Concrete Block Structures Are Viable When Properly Constructed

Here's a primer on how to use concrete masonry blocks properly, to maximize durability and resilence.

What is concrete block (or cinder block) construction? Using blocks formed from concrete, which are then stacked to create a wall. They require both horizontal and vertical reinforcement, and then are filled with either concrete or insulation. 

A lot of people wonder if the "age" or "time" of the concrete block home or building has come to a close, but I say no. And that's a resounding NO by the way; CBS (Concrete Block and Stucco) is here to stay.

Yes there are other construction methods, some of which have been around for quite some time and some which are relatively new on the scene: wood framed, Cold rolled steel framed, red iron girder and beam frame, tilt-up concrete, Styrofoam block, poured in place concrete and wood post and beam to name a few. But concrete block remains an old standby that's hard to beat. Strength, durability, versatility, and sustainability make it an ongoing perfect choice for most construction. Even mixed with other framing methods block remains viable. It is commonly used for actual wall construction in many “red-iron” framed commercial structures of the smaller variety such as low rise and mid-rise office buildings and even residential condominiums and healthcare facilities.

Do you need to use an architect or engineer for cinder block construction?

The designer (Architect/Engineer) of any project should clearly indicate the following information on his plans:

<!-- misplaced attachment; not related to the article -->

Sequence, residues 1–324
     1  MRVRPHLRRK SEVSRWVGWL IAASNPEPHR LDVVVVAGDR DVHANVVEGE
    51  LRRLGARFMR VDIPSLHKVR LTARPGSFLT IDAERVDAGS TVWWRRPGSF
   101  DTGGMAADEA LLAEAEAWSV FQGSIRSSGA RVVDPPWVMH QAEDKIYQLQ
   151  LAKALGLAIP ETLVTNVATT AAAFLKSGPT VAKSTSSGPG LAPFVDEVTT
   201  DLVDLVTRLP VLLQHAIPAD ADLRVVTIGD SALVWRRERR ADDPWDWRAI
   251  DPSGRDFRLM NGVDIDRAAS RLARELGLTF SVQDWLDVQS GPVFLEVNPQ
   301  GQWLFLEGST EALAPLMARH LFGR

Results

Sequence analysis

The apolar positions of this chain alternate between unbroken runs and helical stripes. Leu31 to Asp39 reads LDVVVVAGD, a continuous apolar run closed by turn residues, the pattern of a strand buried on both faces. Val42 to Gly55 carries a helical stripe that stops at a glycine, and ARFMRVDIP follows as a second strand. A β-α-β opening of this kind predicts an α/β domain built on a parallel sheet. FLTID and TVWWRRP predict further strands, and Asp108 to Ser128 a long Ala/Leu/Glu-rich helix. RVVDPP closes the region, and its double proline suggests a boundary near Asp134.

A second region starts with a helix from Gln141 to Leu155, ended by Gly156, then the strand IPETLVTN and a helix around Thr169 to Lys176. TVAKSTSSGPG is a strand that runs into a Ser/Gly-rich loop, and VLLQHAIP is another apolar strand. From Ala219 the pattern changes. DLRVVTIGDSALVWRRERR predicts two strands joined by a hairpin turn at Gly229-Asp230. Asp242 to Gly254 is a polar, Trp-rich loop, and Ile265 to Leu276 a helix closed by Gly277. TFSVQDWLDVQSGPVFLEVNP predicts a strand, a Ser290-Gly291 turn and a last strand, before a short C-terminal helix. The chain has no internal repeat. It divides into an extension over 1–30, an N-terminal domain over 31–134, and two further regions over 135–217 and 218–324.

• Separate cross sections of all walls. Each cross section should clearly show the size of block used (i. e. 4, 6, 8, or 10 inch) for the building inspector and installer.

  • Each cross section should show the wall heights involved for every story.

  • Vertical and horizontal reinforcing steel bar sizes, spacing and grade of steel should be clearly marked for every story in each wall cross section or in a separate note on other sheets.

  • The placement of reinforcing steel, especially the vertical ones should be clearly marked (ie. off center or towards interior/exterior or centered in the wall).

  • The designer should specify the lap splice type and lengths for every section of the wall where splicing is anticipated.

What types of reinforcement is required for cinder block construction?

There are two types of reinforcement required; Horizontal and Vertical. Let's take a quick look:

Horizontal Reinforcement

  • There are at least ten metal “ladders” or “truss mesh” reinforcement types for use between the courses as horizontal seismic reinforcement (see photos).

  • There are also corrugated metal “tabs” for use when constructing multi wythe cavity walls (thickness or layers if you will) that tie the wythes to each other for seismic strength.


Vertical Reinforcement

  • Inside the cells and run vertically are “rebars” of varying diameters from 3/8” up to 1” and larger. These should tie through the slab and into the foundation and also up into the tie beam upon which the roof is attached. This “unifies” the structure for strength. Read on: